Visual artist living and working in Milan, she showed her works all over the world, from Brazil to Paris, from the Netherlands to New York, passing through Spain, Portugal and obviously Italy. Her research unravels through different media, from video to performance, installation and displays.
Anna Franceschini is the protagonist of the first chapter of PArt – Peruffo Jewelry Art project – with the work DEMONSTRATIONSRAUM, realized and produced by Peruffo Jewelry in collaboration with the artist. Here the work is narrated through a collaboration with the young Italian artist Maria Giovanna Drago.
If you could subvert the rules, which law would you overturn?
I honestly think that in some way the most revolutionary act is not only to follow the rules, but also to create some new to protect and defend your environment, most of all in these times we are living.
Tell us about your personal way of designing.
I don’t think I have a standard method, but I think I can pretty surely say that the trigger for the creative process comes from the observation of the world, its phenomena and events. This phenomenal data are then filtered by a personal set of readings, studies, visual experiences. When these two different worlds come into resonance, somehow the conditions for a possible project arise.
What is matter for you?
Maybe it would be interesting to ask ourselves what is matter in general, like many scientists and philosophers did before us. But I think that, if I would really ask myself what matter is, if I would really study this enormous question, I would not have the time to be an artist, nor perhaps to eat, drink and sleep…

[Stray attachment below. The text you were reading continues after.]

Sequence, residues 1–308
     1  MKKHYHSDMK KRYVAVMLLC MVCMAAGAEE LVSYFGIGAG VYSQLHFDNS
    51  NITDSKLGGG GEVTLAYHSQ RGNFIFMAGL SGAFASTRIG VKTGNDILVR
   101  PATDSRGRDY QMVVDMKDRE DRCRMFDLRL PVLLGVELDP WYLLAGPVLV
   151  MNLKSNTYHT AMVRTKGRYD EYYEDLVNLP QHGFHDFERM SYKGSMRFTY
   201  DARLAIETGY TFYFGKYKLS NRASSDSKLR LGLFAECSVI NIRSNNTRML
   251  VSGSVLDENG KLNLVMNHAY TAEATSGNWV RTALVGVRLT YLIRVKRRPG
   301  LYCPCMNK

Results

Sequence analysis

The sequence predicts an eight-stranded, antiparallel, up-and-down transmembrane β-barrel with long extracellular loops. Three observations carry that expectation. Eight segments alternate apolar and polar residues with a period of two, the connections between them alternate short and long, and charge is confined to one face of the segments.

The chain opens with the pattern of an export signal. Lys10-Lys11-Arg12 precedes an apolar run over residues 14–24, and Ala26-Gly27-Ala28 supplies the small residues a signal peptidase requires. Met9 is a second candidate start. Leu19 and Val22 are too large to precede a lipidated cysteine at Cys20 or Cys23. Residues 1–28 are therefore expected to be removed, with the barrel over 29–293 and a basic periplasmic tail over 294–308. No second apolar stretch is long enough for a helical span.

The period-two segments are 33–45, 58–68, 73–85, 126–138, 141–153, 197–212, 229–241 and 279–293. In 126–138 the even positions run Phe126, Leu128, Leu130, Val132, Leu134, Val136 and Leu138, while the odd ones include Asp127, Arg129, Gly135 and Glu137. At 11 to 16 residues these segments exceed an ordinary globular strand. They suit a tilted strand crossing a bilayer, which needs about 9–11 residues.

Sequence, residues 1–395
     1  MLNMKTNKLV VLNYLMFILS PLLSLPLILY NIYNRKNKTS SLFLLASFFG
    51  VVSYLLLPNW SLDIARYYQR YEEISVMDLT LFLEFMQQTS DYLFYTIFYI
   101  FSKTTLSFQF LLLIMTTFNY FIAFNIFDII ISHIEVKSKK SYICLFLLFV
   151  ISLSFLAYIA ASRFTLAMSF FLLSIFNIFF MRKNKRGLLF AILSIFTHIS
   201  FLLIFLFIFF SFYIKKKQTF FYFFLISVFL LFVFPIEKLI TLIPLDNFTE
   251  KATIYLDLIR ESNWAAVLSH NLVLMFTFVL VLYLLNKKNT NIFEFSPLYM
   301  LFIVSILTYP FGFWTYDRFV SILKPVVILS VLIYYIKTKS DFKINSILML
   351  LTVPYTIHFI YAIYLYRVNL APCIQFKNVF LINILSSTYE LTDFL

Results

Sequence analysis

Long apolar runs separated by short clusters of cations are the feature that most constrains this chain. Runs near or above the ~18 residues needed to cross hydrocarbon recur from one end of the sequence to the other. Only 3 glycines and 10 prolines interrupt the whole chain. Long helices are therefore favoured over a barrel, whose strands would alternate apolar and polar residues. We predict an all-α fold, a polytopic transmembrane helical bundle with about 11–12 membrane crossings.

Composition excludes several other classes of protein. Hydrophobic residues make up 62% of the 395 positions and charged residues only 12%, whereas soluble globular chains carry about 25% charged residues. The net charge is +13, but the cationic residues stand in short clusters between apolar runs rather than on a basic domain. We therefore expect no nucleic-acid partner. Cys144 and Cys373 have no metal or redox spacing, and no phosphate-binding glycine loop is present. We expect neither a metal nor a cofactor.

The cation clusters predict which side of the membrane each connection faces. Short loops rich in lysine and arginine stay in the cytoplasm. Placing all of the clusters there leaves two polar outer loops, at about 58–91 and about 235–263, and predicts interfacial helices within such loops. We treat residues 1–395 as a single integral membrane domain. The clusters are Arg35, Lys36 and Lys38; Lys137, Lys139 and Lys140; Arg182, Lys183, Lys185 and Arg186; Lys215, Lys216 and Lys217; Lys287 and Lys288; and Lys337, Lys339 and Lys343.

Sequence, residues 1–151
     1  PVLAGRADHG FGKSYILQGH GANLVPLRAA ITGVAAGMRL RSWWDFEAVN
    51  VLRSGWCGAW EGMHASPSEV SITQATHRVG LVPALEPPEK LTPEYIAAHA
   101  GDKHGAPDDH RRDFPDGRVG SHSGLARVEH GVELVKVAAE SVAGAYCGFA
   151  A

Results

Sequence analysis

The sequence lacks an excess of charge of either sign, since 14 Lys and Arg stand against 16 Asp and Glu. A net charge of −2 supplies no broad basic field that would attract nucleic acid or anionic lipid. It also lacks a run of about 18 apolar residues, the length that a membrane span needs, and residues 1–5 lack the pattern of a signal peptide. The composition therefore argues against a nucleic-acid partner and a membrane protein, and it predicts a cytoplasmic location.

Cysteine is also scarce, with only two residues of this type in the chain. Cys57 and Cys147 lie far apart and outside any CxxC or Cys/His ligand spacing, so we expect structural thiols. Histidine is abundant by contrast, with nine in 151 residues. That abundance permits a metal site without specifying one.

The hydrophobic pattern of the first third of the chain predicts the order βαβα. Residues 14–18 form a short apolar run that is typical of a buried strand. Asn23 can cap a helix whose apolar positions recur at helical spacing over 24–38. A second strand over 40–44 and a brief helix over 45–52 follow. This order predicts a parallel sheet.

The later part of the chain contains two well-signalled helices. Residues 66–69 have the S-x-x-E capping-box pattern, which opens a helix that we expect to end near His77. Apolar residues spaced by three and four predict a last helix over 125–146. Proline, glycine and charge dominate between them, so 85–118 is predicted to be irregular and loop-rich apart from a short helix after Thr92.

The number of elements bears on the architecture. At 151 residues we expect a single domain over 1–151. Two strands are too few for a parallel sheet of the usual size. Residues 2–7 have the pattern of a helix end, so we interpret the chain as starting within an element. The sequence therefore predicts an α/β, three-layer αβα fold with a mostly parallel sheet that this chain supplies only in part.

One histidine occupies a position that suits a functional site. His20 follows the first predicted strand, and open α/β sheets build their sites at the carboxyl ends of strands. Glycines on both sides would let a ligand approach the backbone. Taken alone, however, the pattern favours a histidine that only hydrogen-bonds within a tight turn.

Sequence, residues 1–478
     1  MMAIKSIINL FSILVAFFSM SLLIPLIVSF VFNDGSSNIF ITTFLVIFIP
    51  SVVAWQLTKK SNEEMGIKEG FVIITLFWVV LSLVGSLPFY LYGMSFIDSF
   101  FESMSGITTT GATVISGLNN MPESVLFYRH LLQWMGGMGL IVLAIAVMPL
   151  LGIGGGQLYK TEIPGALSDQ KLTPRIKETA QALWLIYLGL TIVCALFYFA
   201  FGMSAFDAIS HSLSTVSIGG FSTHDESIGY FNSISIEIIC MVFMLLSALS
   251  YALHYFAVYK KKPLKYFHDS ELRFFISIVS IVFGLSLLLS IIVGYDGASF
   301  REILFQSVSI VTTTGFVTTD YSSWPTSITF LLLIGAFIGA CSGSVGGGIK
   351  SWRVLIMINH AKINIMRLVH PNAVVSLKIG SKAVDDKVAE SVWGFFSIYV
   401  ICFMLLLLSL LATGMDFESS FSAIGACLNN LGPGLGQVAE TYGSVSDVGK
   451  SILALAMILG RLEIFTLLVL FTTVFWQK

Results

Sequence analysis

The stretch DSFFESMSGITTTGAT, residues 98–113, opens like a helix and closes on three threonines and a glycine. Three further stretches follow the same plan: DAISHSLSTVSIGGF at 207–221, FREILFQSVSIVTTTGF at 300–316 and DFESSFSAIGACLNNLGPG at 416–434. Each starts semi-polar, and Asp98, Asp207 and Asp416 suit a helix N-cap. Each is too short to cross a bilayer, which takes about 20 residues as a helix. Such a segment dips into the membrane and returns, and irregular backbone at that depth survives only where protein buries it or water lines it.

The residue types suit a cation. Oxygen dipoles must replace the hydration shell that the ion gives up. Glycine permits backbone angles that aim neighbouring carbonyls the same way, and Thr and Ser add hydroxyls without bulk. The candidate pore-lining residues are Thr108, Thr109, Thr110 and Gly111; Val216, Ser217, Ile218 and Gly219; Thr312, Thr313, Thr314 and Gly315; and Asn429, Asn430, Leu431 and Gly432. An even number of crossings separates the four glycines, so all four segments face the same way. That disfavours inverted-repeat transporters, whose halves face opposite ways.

What do you think about collaborations? Is there someone you would like to collaborate with?
I think that mankind is constantly collaborating with the other members of its species, or at least it should. It’s impossible to avoid “collaboration”, even if you think to work on your own and express the so called “self”, which is an extremely romantic concept but at the same time a very outdated idea of artistic expression.
I would have loved to collaborate with some gigantic minds or charismatic figures of the past: the philosopher Michel Foucault, the designer and artist Cinzia Ruggeri, the writers Marguerite Duras and Alberto Arbasino, the seventeenth-century intellectual Madeleine de Scudéry.
PArt is a collaboration and productive support project dedicated to artists and launched by Peruffo; you are the first artist taking part in it. Can you tell us something about this experience?
I find it is extremely important that a reality which does not directly deal with art is aware of the importance of supporting culture. Peruffo has been one of the sponsors that supported my intervention at Kunstintituut Melly in Rotterdam (former Witte De With Center for Contemporary Art) inside a group show, co-curated by director Sofia Hernandez Chong Cuy and curator and art critic Bernardo José de Souza. The exhibition, recalling the history of Delft ceramics – characterized by white and blue motifs -, tries to retrace the socio-economic and cultural colonization processes that hide inside objects.